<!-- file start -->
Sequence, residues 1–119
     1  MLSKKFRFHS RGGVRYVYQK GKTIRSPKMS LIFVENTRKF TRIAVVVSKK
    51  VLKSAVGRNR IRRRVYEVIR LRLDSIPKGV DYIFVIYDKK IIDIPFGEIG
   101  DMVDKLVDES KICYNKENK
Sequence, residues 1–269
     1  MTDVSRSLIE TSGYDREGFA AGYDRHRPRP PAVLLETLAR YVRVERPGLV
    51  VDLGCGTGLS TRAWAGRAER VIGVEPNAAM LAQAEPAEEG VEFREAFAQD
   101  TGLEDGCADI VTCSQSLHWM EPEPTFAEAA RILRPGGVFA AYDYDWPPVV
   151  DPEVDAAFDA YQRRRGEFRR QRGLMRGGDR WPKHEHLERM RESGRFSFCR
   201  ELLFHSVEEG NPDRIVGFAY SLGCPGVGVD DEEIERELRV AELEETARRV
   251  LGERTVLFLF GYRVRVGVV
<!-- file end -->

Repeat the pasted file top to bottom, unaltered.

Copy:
Sequence, residues 1–119
     1  MLSKKFRFHS RGGVRYVYQK GKTIRSPKMS LIFVENTRKF TRIAVVVSKK
    51  VLKSAVGRNR IRRRVYEVIR LRLDSIPKGV DYIFVIYDKK IIDIPFGEIG
   101  DMVDKLVDES KICYNKENK
Sequence, residues 1–269
     1  MTDVSRSLIE TSGYDREGFA AGYDRHRPRP PAVLLETLAR YVRVERPGLV
    51  VDLGCGTGLS TRAWAGRAER VIGVEPNAAM LAQAEPAEEG VEFREAFAQD
   101  TGLEDGCADI VTCSQSLHWM EPEPTFAEAA RILRPGGVFA AYDYDWPPVV
   151  DPEVDAAFDA YQRRRGEFRR QRGLMRGGDR WPKHEHLERM RESGRFSFCR
   201  ELLFHSVEEG NPDRIVGFAY SLGCPGVGVD DEEIERELRV AELEETARRV
   251  LGERTVLFLF GYRVRVGVV